Missile Launch Raises Questions

Posted by on Sep 8, 2017 in World
North Korean flag against a white background, digitally generated. (c)Digital Archive Japan/DAJ/Alamy. MHE World.

North Korean flag. Credit: (c)Digital Archive Japan/DAJ/Alamy.

Last week, North Korea fired an intermediate range missile over Japan. The Hwasong-12 missile, which is designed to carry a nuclear warhead, traveled about 1,700 miles in fourteen minutes before crashing into the Pacific Ocean 575 miles east of Japan. This isn’t the first time that North Korea has launched an object into the skies over Japan, though it is the first time that the object was clearly a missile. Here, btw takes a closer look at the implications of the launch and what it could mean for the United States.

Why Japan?

There are several reasons why North Korea might have chosen Japan as its test target. The first is that earlier this summer, Japan launched a group of satellites in the area that were presumably for spying. When that happened, North Korea announced that they would possibly launch test missiles in retaliation.

However, there are other possibly reasons which are less sinister. North Korea is a small country, about the size of Virginia, and so they don’t have nearly enough space to test intermediate- and long-range missiles on their own soil. Because of their location, it’s nearly impossible for them to test a missile without shooting it over another country. So it’s possible that North Korean leaders chose the Hokkaido island region of Japan because of its lower population.

The World’s Response

After the launch, the United Nations Security Council met for an emergency four-hour session to determine how to respond. Though the Council unanimously condemned North Korea’s actions, it stopped short of taking any additional action against North Korea.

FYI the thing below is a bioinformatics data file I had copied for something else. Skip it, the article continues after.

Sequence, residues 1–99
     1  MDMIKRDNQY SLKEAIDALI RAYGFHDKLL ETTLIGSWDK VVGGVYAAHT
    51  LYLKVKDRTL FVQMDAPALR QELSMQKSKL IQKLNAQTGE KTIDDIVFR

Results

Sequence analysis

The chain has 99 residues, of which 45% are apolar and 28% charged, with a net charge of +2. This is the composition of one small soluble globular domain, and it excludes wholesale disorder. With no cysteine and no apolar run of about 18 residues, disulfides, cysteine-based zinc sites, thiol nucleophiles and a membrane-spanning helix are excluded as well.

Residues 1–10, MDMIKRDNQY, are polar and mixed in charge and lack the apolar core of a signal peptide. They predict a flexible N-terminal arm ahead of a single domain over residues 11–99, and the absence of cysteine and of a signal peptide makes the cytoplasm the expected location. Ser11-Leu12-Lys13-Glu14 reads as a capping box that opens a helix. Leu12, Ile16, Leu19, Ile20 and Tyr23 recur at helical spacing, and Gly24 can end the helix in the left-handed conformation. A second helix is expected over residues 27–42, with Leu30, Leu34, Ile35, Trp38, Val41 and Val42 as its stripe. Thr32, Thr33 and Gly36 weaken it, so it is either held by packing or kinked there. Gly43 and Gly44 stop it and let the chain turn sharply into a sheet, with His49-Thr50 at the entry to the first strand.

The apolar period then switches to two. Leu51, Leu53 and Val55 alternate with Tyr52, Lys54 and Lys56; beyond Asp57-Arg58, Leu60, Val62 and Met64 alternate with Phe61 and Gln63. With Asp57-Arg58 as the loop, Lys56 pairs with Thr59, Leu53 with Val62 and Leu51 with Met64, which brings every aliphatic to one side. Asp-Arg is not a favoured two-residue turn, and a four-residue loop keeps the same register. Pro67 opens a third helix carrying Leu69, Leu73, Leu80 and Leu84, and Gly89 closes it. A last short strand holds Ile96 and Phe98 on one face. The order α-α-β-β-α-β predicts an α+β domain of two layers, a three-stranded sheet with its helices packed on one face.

The United States currently has sixteen ships stationed in the Pacific which are capable of intercepting intermediate-range ballistic missiles. However, during last week’s launch, the Navy declined to act. This could be because United States authorities announced right after the launch that the North Korean missile posed no threat to the continental U.S. or to Guam. Nevertheless, this test proves that North Korea is indeed capable of firing a missile that could reach Guam.

Far from backing down, North Korean authorities stated that they will be launching more similar missiles with the Pacific as a target in the future. At the same time, South Korea is concerned that North Korea is preparing to conduct its sixth underground nuclear test. There is a history of North Korea conducting such tests on the North Korean holiday known as the Day of the Foundation of the Republic. The country’s last nuclear test was on September 9 of last year.

What Do You Think? When they learned that North Korea had launched a missile in their direction, the Japanese government sent a text alert to all of its people that read: “A missile was fired from North Korea. Please evacuate to a sturdy building or basement.” Imagine that you received such a text message on your phone. How would you react?